What basis of society would you choose?

What basis of society would you choose?

By Anthony McCarthy, Community philosopher

John B Rawls (1921- 2002) was a philosophy professor at Harvard and Oxford Universities.

He was awarded a Bronze Star in World War 2, where he fought in the Far East against the Japanese. It was his time in that War, witnessing the slaughter and chaos, that made him a philosopher.

He developed an idea that Justice was essentially an issue of Fairness. In 1971, he wrote his famous work A Theory of Justice. The ideas he outlined are relevant today and could be seen in the positions outlined by the major parties in the recent 2015 General Election, in the UK.

His main point is that we are all free agents; no-body is to be coerced into adopting a point of view. This is the main idea of modern Conservatism: the freedom to develop your own life to the full, without outside interference. Of course, this freedom is really economic freedom: the more money you have, the more choice you have.

Labour and The Liberal Democrats take this idea of freedom a bit further and adopt Rawls’ notion that fairness can only really be a reality if there is some form of re-distribution of wealth; the least privileged in society must be the prime winners from any new political policy. This introduces the idea of welfare and social structures: Rawls advocated the establishment of minimum entitlement: a social minimum, below which no citizen can fall.

Rawls thought that Man is born with a ‘moral capacity’. He thought that Man is more inclined to co-operation than competition. This is a rejection of Thatcher’s ‘no such thing as society’; Rawls thought that people are naturally good and inclined to help each other if they see that they are operating under a ‘fair system’: ‘fair’ means that the deserving get rewards and no-one starts life with an inbuilt, unfair advantage: this was the basis of New Labour, a social democratic party. The Tory idea is that ‘greed is good’ and natural; that people should be allowed to get as rich as they can and then allow their wealth to ‘trickle down’ to the people below them.

Rawls’ most famous thought experiment was ‘the original position’: imagine a group of people on a desert island. They are drawing up their new ‘system’; some will be leaders, others followers: however, they don’t know which role they will each be given, therefore they make sure there is as much opportunity and equality as possible in the new Constitution.

Rawls’ starting point is the question of what principles of justice would individuals agree to when designing a new society, and concludes it would be one based on fairness. So the idea is that people were asked to choose what kind of society they wanted to live in: 1) a society where you were born into different social classes that had different life advantages or disadvantages; with those of one particular class enjoying very good life chances, and those of another having to make do with very poor life chances, with all the varying degrees in between. Or, 2) one where you were born into a society that didn’t have different levels of social privilege or social disadvantage as part of its structure; where your life chances were more or less equal. The choosing here is done without anyone knowing where ‘their’ position in the new society would be; that is: from behind a ‘veil of ignorance’.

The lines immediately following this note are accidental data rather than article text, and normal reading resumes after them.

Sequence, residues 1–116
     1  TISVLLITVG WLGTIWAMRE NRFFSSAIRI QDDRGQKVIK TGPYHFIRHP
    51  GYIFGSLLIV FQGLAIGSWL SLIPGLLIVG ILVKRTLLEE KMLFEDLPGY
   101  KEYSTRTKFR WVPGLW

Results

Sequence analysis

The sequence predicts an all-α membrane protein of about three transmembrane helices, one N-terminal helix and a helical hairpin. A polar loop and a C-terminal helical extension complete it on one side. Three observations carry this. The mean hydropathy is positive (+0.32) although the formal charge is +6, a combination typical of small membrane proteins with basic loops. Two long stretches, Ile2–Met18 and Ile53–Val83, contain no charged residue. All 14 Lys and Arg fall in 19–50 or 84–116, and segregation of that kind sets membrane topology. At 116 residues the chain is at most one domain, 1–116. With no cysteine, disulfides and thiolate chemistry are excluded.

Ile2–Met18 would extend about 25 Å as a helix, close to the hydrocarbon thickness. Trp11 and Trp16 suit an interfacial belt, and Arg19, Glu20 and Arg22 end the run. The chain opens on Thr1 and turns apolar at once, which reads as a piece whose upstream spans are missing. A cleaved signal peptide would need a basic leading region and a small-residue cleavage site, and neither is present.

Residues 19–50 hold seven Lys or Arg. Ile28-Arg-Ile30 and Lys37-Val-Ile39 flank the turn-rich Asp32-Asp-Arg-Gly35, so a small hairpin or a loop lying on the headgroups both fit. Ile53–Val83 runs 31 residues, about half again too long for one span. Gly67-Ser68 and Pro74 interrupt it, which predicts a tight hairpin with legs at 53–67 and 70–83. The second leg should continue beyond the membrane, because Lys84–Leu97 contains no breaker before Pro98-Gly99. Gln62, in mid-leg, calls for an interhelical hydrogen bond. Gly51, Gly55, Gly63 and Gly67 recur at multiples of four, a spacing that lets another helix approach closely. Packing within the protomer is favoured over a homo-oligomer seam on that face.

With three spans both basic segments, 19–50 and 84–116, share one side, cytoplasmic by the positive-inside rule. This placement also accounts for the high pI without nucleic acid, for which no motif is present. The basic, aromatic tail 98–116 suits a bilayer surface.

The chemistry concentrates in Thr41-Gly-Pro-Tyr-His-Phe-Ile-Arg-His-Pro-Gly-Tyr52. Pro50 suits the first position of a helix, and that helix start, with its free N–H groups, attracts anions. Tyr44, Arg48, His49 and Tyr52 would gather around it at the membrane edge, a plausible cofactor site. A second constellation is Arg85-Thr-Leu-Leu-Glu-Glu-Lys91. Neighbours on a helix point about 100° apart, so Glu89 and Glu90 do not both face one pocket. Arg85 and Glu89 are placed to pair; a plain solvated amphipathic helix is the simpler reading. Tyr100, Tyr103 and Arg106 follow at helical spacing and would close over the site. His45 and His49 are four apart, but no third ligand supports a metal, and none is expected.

So, Rawls faces us with the same challenge as in his day: to design a way of living that makes us all stakeholders in society and makes us feel no-one is born into social privilege or disadvantage due to an accident of birth.

Contact Philosophy in Pubs

Website: www.philosophyinpubs.org.uk

Philosophy in Pubs Enquiry Groups/Venues – Spring 2016

The Crown: Lime Street, City Centre. Meets weekly, Mondays 2.30pm upstairs

Stamps Bar: Moor Lane, Crosby. Meets every Thur at 7pm

The Victoria Hotel: Great George St, Waterloo. Every Tue 6.30pm

Keith’s Wine Bar: Lark Lane, Sefton Park, Liverpool. Every Tuesday 7.30pm

Friday Forum: 7 Abercromby Square, Philosophy Dep’t, Uni of Lpool. Every 2nd and 4th Friday of the month (2pm)

The Halfway House: Woolton Road, Childwall. Every 2nd and 4th Thursday of month (7.15pm)

Lakesideview Kiosk: Newsham Park, Orphan Drive, by model boating lake. Meets 1st Wed of month (1pm)

The Belvedere: off Falkner St, off Hope Street (Cultural Quarter, L’pool City Centre) 2nd Mon of month (7pm)

The Bluecoat: bar/restaurant: School Lane, City Centre. 2nd and 4th Tuesday of the month (1pm)

The Casa Bar (and Social Centre): 29 Hope Street, City Centre, Meets every 2nd Saturday at 11am)

The Perch Rock Hotel: 7 Grosvenor Rd, New Brighton. Meets every 3rd Mon of month (7pm to 9pm)

The Johnny Pye: 5 Pye Road, Moor Lane, off Telegraph Rd, (behind Bus station) Heswall. Meets every 2nd Tuesday (7pm to 9pm)

The Rose & Crown: 57 The Village, Lower Bebington. Meets every 1st and 3rd Wednesday of the month (2pm till 4pm)

The Red Cat: Greasby Road, Greasby. Meets every 3rd Thursday of month (2pm to 4pm)

(Illustration by Sean Biggs  – www.seanbiggs.co.uk)

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